Broadcasters Explore a New Option for TV: 5G

One-way transmissions could improve emergency broadcasts and free up spectrum

3 min read

Photo illustration of a colorful tv pattern rainbow filtering through a cell phone. In the background, lines and 5g towers are hinted at.
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TV broadcasters may have a new way to reach the cordless generation: 5G. In July, the Federal Communications Commission (FCC) granted a six-month experimental license to a low-power television network in Massachusetts to transmit video and other data one-way following the 5G protocol over a portion of the ultra high frequency (UHF) band via television towers.

If television broadcasters can meet some of consumers’ voracious demand for Internet video streaming using TV hardware and spectrum, it will free up some network bandwidth in spectrum previously used for two-way cellular signals and create new business opportunities. The FCC granted the Sinclair Broadcasting Group a similar license in 2021, and Czech telecom CRA began broadcasting to mobile phones earlier this year as well.

Low-power television networks—which already target audiences that major broadcasters don’t—may be able to figure out how to make 5G work.

Transmitting one-way video to mobile devices also offers both governments and businesses another option for transmitting information in emergencies, says Frank Copsidas, the CEO of XGen Networks. XGen operates the low-power television station that will use the new experimental license, along with Milachi Media. “This launch is all about proof of concept,” Copsidas says. “We will create a streaming linear programming station and a data platform which is all about first responders.”

Hypothetically, emergency dispatchers could transmit closed-circuit or drone footage over a private 5G broadcast to emergency responders over a TV broadcast tower, even when the local cellular network is down. Outside of an emergency situation, sports broadcasters could also offload their transmission of an event to the UHF band locally during a major game, putting less pressure on the other frequency bands within the 5G standard.

The UHF band covers the frequencies from 300 megahertz to 3 gigahertz—in the United States, the portion from 470 MHz to 608 MHz is allocated to television broadcasts. 5G networks operate over several frequency bands, such as (in the United States) between 600 and 900 MHz for the low bands, between 2.5 and 4.2 GHz for mid-band frequencies, and between 24 GHz and 47 GHz for high-band frequencies.

“We’ve been watching 5G transform the automotive industry, the retail industry, medical and health-care industries, industry after industry. 5G and television makes just as much sense as the rest of them,” says Jeff Kagan, an industry analyst in Atlanta. Cable TV has been under pressure from Internet streaming for almost a decade, and now streaming services are suffering a post-pandemic decline, Kagan says, so those companies should be looking for another way to reach audiences.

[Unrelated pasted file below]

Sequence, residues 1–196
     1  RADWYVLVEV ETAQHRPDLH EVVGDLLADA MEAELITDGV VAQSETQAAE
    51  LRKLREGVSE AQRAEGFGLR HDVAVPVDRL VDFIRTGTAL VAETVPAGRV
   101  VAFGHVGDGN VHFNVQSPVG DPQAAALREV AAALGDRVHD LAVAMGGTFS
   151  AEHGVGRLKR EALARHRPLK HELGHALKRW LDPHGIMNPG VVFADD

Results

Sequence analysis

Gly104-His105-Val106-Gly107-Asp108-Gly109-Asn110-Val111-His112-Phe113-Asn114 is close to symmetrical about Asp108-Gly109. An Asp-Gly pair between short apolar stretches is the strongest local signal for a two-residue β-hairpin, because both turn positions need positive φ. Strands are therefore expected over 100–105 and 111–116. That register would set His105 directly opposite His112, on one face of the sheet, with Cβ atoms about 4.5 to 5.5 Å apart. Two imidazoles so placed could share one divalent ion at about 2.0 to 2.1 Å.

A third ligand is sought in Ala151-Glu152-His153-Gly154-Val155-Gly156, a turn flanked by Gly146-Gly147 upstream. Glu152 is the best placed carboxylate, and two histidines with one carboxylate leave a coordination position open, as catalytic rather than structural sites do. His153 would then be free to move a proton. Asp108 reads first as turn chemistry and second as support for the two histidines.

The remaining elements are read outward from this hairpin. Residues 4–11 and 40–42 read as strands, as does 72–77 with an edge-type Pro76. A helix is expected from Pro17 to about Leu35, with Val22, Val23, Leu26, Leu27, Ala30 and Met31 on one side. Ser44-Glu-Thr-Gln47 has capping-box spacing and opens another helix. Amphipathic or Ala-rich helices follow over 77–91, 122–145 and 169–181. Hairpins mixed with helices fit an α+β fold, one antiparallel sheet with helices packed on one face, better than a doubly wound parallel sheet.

5G isn’t the only new broadcast format being explored for TV. “The major broadcasters in the U.S. are focusing on switching from ATSC 1.0 to ATSC 3.0,” says Copsidas. ATSC 3.0 is the first all-Internet protocol television standard. It launched during the 2018 Winter Olympics in PyeongChang and can transmit 4K-resolution images and high-quality audio. By comparison, TV over 5G probably won’t be as stable or capable, Copsidas says.

However, ATSC 3.0 and TV over 5G may not be in a direct head-to-head competition. A study published in the IEEE Transactions on Broadcasting in June found 5G more expensive than ATSC 3.0, but mobile phones and tablets don’t receive ATSC 3.0 signals, so 5G may reach people in places and on devices where ATSC 3.0 won’t. Low-power television networks—which already target audiences that major broadcasters don’t—may be able to figure out how to make 5G work, including for harder-to-reach audiences, and could provide additional services, such as first-responder platforms like the one planned by XGen.

Indeed, it will probably be possible to decide on the fly how best to transmit a given television signal, depending on where users are and how much demand there is for content at any time. “We already have apps for that, which can analyze where the demand is for a given show, and does it make more sense to send over 5G broadcast or the Internet,” Copsidas says.

The hardware will take a few years to mature, as 3GPP, the global cellular standards-setting body, settles on its protocols for 5G TV signals as part of Release 18 and chipmakers then integrate it into their chips. Those chips will then allow handsets to pick up signals from today’s TV antennas.

Proposals for switching between ATSC 3.0 and 5G broadcasting also date back at least two years and could be a part of future 5G protocols. U.S. Sinclair Broadcast Group began flirting with ATSC 3.0 and 5G convergence with Korean partner SK Telecom in 2019, focusing at the time on vehicle infotainment systems, and has since signed a partnership with Saankhya Labs for a 5G TV test. (Sinclair and SK Telecom’s partnership vehicle, Castera, did not reply to a request for comment.)

“This is something that probably should have started years ago,” Kagan says.

This story was updated on 11 August 2023 to clarify the range of UHF spectrum.
This story was updated on 22 August 2023.

The Conversation (2)
Stephen Gallo
Stephen Gallo17 Aug, 2023

I find this article confusing. It seems to say TV signals will be broadcast over 5G networks. BUT then it says that 5G networks are overloaded. How does adding TV signals to 5G reduce the utilization of 5G networks? Or is it saying that mobiles phones will add a UHF radio to receive TV signals that people currently watch using their 5G data plan? Please clarify. A schematic would be useful.

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